Difficult Waste Management
Since vault toilets are small units, it can be difficult to manage waste because they fill up fast, particularly when in areas with many users. Aside from that, they can get clogged making it difficult to unclog them without taking them apart, which is quite expensive.
Not All Vault Toilets Are Movable
Even though vault toilets are well known for their portability, it’s the plastic-type that is the most portable. The other types of vault toilets are not movable.
Vault Toilet Cleaning
Here are the steps you should follow if you want to clean your vault toilet properly.
- Pick all the trash around the vault and dispose it in the right place.
- Dust off the vent louvers to allow fresh air to flow.
- Combine a disinfectant, detergent, and deodorant on one side of a double bucket and clear water on the opposite side. Use the blend and an abrasive brush to scrub the walls and get rid of all the stains. Then rinse it with water.
- Mop the floor as regularly as possible using a cleaning solution.
- Utilized a long-handled brush dipped in a cleaning solution like 3D to clean the inside of the toilet riser.
- See if there’s still a supply of toilet paper and replenish accordingly.
- Don’t suppress the odors using chemical products as it can have a negative impact on the sewage final treatment process.
How Much Does It Cost to Build a Vault Toilet?
The cost to build a vault toilet ranges from $500 up to $5,000. This price range includes the materials and labor necessary for installation.
Do Vault Toilets Have Toilet Paper?
In most places with vault toilets, toilet paper is available. But because of the high number of users, toilet paper can quickly run out. So again, make sure to bring your toilet paper.
Is A Vault Toilet the Same as A Pit Toilet?
No, they are not. The main difference between a vault toilet and a pit latrine is that the waste in the former is pumped out after some time, while the waste in the latter is never pumped out. Most of the organic matter will decompose, and the liquids will get absorbed by the ground below.
Vault Toilets vs Composting Toilets
Compared to a composting toilet, a vault toilet doesn’t come with an end product in sight. After the waste is pumped out, it’s taken to the municipal sewage treatment facility.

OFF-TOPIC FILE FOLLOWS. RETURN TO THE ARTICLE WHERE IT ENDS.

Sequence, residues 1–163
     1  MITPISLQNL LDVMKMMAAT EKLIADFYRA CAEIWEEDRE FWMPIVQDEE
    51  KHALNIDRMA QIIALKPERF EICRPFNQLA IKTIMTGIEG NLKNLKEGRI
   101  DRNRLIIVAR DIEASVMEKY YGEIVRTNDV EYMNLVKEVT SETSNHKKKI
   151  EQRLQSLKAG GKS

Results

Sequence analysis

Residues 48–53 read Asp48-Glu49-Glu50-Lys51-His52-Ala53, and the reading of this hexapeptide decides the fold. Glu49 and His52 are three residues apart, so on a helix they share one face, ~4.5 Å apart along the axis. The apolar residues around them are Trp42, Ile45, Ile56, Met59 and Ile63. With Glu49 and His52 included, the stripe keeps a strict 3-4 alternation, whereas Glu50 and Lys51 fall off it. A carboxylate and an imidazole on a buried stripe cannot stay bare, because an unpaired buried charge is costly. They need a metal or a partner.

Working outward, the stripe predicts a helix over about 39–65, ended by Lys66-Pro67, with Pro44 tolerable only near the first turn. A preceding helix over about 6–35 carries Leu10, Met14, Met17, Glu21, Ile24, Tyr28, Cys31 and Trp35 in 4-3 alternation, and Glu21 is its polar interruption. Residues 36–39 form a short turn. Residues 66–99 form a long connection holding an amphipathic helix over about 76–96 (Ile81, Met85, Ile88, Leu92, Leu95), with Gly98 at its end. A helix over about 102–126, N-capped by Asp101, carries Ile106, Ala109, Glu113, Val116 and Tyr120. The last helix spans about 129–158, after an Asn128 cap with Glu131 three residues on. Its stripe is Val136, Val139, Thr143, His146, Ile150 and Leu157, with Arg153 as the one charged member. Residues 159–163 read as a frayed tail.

There are two kinds of composting toilets: Portable composting toilets and permanent composting toilets.
The portable composting toilets can also be utilized for RVs or as camping toilets.
Vault Toilets vs Septic Tank
Although septic tanks and vault toilets are built underground and water-tight, they have a huge difference.
A septic tank is built where there’s a lot of water, while a vault toilet is made where there’s no running water. Additionally, septic tanks are built on people’s houses and don’t come with structures on top.
How Deep Is a Vault Toilet?
The depth of a vault toilet should not be deeper than five feet.
How to Build a Vault Toilet?
If you want to build a vault toilet, follow these simple steps, and you’re good to go:
- Before excavating, you need to establish your site first.
- Once your site is established, mark out the vault and the building separately.
- Then start excavating the vault.
- Assemble the footing form box that goes under the vault and over excavate under the vault to make space for the box.
- Compact the film under the footing form box and position the box.
- Grade the hole, compact, and position the rebar.
- Now, set the tank so that the tank is level at grade.
- Then fill the tank with water before backfilling around the tank with concrete.
- Now, form up and prepare for the slab.
- Start pouring concrete down through the middle of the tank to fill the footing form box.
- After the middle column is full and the steel post is in the column, backfill with concrete around the tank.
- Then do your final grading for the slab and set the precast doorframe supports.
- Once the grading is finished, set the poly floor pan for the restroom structure.
- Set the building down over the pad. Be sure the door frame is level and attach the poly building pan to the building.
- Dig the perimeter footings for the final slab and position the rebar.
- Set the roof, drill and install toggle bolts in the preformed dimples and attach the roof to the building.
- Set the upper section of the vent pipe and install the birdproof screen on the prevailing wind side of the building.
- Mark, cut, and install the wall vent. Pour the final slab, and make sure you mask off the building with plastic
- Lastly, finish the slab.
Last update on 2021-10-19 / Affiliate links / Images from Amazon Product Advertising API